You might not always love drizzly days, foggy mornings or snowy nights. However, the weather gives you the perfect excuse to jump right into some fun weather experiments with your kids. Whether you have a preschooler, elementary-aged student or middle schooler at home, you can easily get the younger ones involved with a few weather science projects.
Start loving every bit of sun and precipitation that nature provides. Try the following experiments to promote “Aha!” moments in your household.
1. Forecast With Pine Cones
Do you know that pine cones can tell you what’s happening with the weather? A pine cone opens or closes based on the humidity in the atmosphere. When it’s going to be a dry day, the pine cones open wide. Rain in the forecast? Pine cones will close to more effectively protect their inner seeds.
Collect several pine cones with your kids. Place them outside in a location you can check them daily, like a window sill or on a screened-in patio. Then, watch and record what the pine cones look like each day at the same time. You may want to take pictures to compare.
Questions to ask during this fun weather science project:
- Do different pine cone types react differently to the weather?
- Did some pine cones not react at all?
- How much does a pine cone open or close?
2. Whip Up an Indoor Rain Storm
Outside, you might have blue, bright, cloudless skies. Inside, though, you can cause a bit of rain to fall. To help your youngsters understand why rain occurs, try making rain indoors. All you need are ice cubes, a big glass jar, paper plates and some water.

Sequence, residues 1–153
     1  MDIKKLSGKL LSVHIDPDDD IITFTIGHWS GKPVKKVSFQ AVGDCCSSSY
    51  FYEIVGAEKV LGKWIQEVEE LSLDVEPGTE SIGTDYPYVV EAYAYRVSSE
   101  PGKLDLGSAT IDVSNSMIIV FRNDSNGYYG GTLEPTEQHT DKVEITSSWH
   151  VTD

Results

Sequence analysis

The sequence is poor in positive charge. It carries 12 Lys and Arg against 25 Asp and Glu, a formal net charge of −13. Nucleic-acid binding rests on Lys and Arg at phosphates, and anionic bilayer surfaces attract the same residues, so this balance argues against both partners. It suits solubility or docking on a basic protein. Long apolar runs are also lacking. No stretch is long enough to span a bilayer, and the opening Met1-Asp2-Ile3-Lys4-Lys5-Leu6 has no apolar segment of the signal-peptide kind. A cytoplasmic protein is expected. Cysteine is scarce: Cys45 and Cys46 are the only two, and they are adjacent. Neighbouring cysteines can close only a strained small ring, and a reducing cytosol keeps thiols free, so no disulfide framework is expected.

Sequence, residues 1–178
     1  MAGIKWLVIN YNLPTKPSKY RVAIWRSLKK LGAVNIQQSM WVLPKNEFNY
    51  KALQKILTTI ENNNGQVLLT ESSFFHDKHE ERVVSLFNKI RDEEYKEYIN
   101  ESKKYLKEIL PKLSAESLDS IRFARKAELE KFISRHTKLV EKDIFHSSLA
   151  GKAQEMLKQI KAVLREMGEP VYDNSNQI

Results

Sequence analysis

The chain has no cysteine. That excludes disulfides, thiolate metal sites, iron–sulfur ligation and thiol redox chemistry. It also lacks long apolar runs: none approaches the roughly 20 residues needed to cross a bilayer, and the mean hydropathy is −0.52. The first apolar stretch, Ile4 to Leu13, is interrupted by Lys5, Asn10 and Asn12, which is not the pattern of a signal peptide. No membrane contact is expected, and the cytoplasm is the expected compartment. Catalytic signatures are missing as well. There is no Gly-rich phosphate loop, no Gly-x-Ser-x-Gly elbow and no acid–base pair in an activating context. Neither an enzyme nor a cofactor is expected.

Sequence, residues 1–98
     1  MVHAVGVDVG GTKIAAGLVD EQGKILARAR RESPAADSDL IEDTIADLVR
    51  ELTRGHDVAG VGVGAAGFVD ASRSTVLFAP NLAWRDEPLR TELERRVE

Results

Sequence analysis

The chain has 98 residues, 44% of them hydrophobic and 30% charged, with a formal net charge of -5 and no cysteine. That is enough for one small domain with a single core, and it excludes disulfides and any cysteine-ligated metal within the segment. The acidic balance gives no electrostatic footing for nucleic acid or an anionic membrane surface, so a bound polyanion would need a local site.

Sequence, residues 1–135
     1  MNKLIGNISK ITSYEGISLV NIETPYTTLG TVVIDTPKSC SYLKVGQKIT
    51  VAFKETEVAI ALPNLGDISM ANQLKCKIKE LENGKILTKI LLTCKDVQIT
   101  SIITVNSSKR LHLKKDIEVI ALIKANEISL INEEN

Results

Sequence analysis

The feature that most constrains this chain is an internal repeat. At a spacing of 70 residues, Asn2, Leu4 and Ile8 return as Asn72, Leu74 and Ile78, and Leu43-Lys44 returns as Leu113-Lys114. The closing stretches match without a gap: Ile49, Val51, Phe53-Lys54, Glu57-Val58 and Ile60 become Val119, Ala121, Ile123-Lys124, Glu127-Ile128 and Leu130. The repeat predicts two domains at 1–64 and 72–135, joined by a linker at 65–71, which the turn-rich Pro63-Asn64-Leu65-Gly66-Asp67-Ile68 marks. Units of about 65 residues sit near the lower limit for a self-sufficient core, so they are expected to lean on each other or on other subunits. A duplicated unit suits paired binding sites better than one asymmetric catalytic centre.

Boil the water on the stove or in the microwave. Pour the hot water into the jar until it’s about a third to half full. Place the paper plate on top to seal in the heat and steam. Then, place several ice cubes on the top of the plate.
At this point, your kids will have to exercise a bit of patience. The hot air in the jar will meet the cold surface of the plate. At that point, the vapor molecules will cool to moisture droplets. Eventually, those droplets will “rain,” falling back into the water.
As you’re using this experiment to teach kids about weather, answer the following:
- How does this principle work in the real world, such as when a storm “pops up” on a hot July day?
- Does the amount of ice cubes change the amount of “rain” in the jar? Why or why not?
- What if the water is just medium-hot? Does its temperature make a difference? If so, how?
3. Time a Thunderstorm
Sometimes, youngsters feel a little frightened by the sounds of thunder and the sight of lightning bolts. Help your child understand why these weather phenomena occur by tracking and timing your next local storm. You’ll only need paper, a pencil and a stopwatch, which is available on most smartphones as an app. Oh, and you’ll have to wait until the next storm comes into your area!
During the storm, start the timer every time lightning happens. When you hear thunder, stop the timer. Write down how many seconds it took for the sound to reach you. Generally, sound travels one mile in about five seconds. If you heard the thunder 10 seconds after seeing the lightning flash, the storm would be 10 divided by five, or two miles away.
This weather science experiment takes away the worries many children feel about intense storms, making the experience more fun. And older children will appreciate the way math and science come together seamlessly.
A few things to consider as you track the lightning and thunder:
- How many times did you notice lightning during the storm? Why do you think that is?
- Was the storm moving toward you or away from you? How could you tell?
- How loud was the thunder? Did the loudness change at all as the storm moved through your area?
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